KUCHING: Tanjung Datu assemblywoman Datuk Amar Jamilah Anu has expressed her concern that there has not been any apparent development in either the planning and execution of the proposed master plan for the development of Lundu and Samatan.
She noted that the Master Plan for the Development of Lundu and Sematan was commissioned by the Sarawak Government through the State Planning Unit in 2014 and subsequently the report was published in 2015.
The objectives of the development plan, she pointed out, is to increase economic activities, raising the standard of living for local communities and achieving sustainable development.
She stressed that one of the four recommended strategic thrusts was to use tourism to lead local economic development in Lundu and Sematan.
“I totally agree and accept without hesitation that tourism development is the way forward for Lundu and Sematan.
“And I have been saying this since I first spoke in this August House two years ago.
“My concern is that despite the study and the report, there has not been any apparent development in either the planning nor the execution of the recommendation put forth by the report duly commissioned by SPU,” she when debating the State Budget 2019.
Jamilah acknowledged that some of the projects announced and approved by the Government would contribute to tourism development in Lundu and Sematan, but what needed to be seen was the adoption of the recommendations either partially or in full into a well-structured Master Plan that could be utilised by every department, agency or the private sector in providing either infrastructure or services.
“I would very much like to see that tourism development in Lundu and Sematan is a well-planned industry as opposed to a haphazardly concocted tourist area.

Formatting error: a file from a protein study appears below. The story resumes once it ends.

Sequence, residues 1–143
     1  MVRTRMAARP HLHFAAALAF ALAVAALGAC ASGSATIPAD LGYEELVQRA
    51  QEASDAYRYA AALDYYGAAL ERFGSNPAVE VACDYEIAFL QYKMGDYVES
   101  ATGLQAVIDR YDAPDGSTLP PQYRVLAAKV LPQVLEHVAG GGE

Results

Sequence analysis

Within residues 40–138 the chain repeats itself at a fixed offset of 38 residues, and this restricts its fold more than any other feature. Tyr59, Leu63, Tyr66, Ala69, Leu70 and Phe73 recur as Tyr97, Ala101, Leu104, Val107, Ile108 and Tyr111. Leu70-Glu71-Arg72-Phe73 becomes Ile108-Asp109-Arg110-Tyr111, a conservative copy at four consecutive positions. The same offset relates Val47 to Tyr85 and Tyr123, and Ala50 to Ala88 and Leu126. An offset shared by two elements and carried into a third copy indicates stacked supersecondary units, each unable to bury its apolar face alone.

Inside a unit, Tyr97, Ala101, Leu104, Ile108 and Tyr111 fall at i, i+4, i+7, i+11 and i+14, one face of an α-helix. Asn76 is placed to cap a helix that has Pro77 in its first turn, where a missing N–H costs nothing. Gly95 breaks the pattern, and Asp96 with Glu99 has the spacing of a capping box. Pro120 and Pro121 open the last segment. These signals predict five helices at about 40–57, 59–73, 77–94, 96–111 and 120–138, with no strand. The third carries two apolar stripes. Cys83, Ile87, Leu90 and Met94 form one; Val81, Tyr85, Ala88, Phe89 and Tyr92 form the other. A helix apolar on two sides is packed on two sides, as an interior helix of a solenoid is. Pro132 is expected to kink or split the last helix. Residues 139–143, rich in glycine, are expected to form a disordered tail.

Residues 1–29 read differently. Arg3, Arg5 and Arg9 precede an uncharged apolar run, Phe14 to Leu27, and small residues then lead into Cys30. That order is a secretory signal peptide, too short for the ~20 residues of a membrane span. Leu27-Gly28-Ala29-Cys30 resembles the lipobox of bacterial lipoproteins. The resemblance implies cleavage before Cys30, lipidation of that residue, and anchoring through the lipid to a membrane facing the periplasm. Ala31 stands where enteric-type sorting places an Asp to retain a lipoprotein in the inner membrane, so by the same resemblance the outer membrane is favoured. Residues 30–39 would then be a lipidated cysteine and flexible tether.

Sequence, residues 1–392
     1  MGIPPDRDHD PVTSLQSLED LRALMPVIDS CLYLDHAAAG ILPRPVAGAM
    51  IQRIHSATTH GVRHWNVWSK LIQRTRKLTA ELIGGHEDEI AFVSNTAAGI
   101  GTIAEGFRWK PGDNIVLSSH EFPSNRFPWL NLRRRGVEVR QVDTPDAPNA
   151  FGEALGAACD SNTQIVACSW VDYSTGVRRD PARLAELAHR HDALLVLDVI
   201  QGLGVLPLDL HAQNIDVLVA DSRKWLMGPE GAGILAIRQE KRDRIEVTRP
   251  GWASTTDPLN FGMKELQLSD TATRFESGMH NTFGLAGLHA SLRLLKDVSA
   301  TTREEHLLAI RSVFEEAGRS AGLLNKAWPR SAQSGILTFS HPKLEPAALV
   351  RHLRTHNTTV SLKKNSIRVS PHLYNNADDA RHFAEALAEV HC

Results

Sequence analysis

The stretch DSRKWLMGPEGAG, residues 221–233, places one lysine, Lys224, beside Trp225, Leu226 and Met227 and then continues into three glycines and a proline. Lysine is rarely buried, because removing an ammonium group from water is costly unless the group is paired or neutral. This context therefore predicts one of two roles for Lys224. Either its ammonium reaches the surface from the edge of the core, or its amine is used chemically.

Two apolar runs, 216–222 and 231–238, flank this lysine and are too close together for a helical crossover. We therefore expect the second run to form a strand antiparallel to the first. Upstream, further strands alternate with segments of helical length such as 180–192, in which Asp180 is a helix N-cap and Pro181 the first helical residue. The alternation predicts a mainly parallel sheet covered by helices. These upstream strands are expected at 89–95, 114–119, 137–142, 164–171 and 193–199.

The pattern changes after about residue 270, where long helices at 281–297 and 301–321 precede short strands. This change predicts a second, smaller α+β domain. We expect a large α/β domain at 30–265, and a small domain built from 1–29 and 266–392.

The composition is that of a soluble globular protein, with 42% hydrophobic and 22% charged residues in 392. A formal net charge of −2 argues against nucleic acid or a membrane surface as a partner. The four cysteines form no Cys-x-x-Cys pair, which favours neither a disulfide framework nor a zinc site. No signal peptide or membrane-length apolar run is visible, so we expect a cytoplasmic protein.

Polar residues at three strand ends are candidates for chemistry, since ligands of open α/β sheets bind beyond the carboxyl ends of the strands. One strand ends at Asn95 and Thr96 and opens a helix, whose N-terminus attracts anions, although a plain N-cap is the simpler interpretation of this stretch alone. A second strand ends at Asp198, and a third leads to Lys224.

“I want Lundu and Sematan to become a premier eco-tourism destination in the region and maybe (if) not too far-fetched, in the world,” she said.
Jamilah believed that with the completion of the highway from Sematan to Telok Melano, it would be a worth-while effort to undertake to chart and build the necessary landmarks to signify the westernmost tip of Borneo.
She said this would be similar to the landmark in Cape Agulhas that indicates where the southernmost tip of Africa sits and where the Atlantic and Indian Ocean divide.
She noted that closer to home there is Tanjung Simpang Mengayau in Kudat, Sabah which is the northernmost tip of Borneo.
“We can, in addition, to the lighthouse in Tanjong Datu, build a special landmark that signifies ‘Where Borneo Begins’.
“I believe there is already a special postcode 94111 assigned to the lighthouse.
“This would definitely bring in the tourists both from near and afar as Tanjung Datu itself is rich in history especially in the early days of maritime exploration by the Chinese, Dutch, Portuguese Spanish and the English,” she explained.